Robert Jackson Speaks to US Atty Biskupic and DA Blanchard

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Madison, Wisconsin—The life of Robert Houghwout Jackson (1892-1954) is many things.

[img_assist|nid=1193|title=|desc=|link=none|align=left|width=150|height=193]Scholar and jurist, public servant, humanity’s chief advocate at Nuremberg (1945-46), US Supreme Court Justice (1941–1954), and Brown v. Board of Education’s champion (his Brown opinion drafts were more confrontational and scholarly, reflecting the man’s moral outrage and intellect), Jackson’s like is difficult to locate among contemporary jurists.

As the Bush administration has turned the Department of Justice into a , and liberal district attorneys around the country (including Wisconsin, ) engage in frenzied quests to prove their tough-on-crime bone fides in furtherance of political careers, Jackson, as the US Attorney General (1940-41), speaks to us today with urgency.

The Federal Prosecutor

On April 1, 1940, Attorney General Jackson gave a speech to the serving US Attys, offering his views on ethical conduct by prosecutors. Entitled , the speech continues to inspire and instruct.

Some edifying passages:

- “While the prosecutor at his best is one of the most beneficent forces in our society, when he acts from malice or other base motives, he is one of the worst.”

- “Your positions are of such independence and importance that while you are being diligent, strict, and vigorous in law enforcement you can also afford to be just. … Any prosecutor who risks his day-to-day professional name for fair dealing to build up statistics of success has a perverted sense of practical values, as well as defects of character, … he can have no better asset than to have his profession recognize that his attitude toward those who feel his power has been dispassionate, reasonable and just.”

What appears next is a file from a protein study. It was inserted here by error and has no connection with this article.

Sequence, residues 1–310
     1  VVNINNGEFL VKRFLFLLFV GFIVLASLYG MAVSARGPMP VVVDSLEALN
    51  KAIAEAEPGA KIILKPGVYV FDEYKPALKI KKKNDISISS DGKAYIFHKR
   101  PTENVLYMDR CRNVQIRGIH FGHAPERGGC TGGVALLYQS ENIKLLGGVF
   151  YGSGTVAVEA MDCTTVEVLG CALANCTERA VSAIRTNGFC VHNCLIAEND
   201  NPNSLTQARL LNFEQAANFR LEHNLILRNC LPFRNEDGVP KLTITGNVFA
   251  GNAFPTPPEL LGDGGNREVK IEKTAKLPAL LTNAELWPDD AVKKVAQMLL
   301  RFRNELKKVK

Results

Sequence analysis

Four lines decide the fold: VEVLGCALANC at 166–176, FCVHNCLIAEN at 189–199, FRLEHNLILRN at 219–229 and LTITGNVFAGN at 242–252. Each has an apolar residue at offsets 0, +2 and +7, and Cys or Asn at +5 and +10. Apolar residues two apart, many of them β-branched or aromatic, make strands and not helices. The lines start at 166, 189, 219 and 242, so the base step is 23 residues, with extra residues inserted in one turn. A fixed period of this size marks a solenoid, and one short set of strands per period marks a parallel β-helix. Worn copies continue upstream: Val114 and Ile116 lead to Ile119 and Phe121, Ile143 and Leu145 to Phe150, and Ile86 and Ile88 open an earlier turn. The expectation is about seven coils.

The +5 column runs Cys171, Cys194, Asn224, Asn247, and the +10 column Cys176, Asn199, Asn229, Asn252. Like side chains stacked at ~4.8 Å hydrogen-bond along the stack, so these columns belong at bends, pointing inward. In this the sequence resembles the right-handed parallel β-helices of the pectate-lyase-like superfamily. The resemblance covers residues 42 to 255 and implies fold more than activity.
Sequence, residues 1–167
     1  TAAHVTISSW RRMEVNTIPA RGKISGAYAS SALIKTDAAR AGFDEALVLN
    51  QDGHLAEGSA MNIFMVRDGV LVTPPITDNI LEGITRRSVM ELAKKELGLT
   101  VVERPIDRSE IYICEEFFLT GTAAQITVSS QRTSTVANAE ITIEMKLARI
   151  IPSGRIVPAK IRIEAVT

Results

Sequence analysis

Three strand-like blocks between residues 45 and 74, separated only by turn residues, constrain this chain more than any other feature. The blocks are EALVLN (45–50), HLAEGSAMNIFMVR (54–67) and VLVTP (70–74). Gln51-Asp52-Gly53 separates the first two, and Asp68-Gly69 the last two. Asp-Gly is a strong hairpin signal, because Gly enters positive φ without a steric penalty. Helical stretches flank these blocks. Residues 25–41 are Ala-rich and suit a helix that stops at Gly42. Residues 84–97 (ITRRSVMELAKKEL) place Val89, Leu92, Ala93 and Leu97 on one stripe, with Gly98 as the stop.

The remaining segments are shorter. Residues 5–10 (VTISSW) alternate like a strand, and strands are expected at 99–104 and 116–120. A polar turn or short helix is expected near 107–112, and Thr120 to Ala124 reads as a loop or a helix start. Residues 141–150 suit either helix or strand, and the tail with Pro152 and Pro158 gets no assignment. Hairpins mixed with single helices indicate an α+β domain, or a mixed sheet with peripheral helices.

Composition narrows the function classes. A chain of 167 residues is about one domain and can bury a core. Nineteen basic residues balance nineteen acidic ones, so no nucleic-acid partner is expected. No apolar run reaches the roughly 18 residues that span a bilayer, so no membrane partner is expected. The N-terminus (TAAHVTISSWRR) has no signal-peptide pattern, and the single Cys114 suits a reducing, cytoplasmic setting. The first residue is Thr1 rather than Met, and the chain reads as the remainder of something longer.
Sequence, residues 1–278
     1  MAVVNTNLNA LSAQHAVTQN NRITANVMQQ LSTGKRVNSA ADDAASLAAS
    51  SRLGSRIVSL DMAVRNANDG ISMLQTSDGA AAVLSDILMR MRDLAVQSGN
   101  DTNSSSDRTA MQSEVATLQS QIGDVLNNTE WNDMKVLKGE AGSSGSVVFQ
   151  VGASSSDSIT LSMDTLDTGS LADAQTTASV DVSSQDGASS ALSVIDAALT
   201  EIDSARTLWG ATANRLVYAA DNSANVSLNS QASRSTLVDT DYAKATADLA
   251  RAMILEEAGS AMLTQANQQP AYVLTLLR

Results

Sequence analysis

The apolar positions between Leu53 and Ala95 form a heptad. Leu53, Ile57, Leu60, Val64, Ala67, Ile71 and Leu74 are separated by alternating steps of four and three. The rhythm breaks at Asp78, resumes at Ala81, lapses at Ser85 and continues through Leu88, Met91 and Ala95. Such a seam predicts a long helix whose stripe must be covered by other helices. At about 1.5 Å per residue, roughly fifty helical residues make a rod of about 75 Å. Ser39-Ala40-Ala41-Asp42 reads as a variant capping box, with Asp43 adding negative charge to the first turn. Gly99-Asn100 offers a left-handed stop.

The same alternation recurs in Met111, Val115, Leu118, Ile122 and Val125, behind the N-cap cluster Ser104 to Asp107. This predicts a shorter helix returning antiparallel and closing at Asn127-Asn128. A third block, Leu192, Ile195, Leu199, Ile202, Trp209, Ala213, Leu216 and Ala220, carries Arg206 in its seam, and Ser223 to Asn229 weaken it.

- “What every prosecutor is practically required to do it to select the cases for prosecution and to select those in which the offense is the most flagrant, the public harm the greatest, and the proof the most certain (emphasis mine).”

- “A sensitiveness to fair play and sportsmanship is perhaps the best protection against the abuse of power, and the citizen’s safety lies in the prosecutor who tempers zeal with human kindness, who seeks truth and not victims, who serves the law and not factional purposes, and who approaches his task with humility.”

US Atty Steven Biskupic (the reluctant Bushie) should read Jackson’s views and live them, if he refuses to resign.

As for Dane County D.A. Brian Blanchard (he a ), he ought to consider pausing from his frenetic political career and read .

Couldn’t hurt.

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Published

April 24, 2007 - 10:37am

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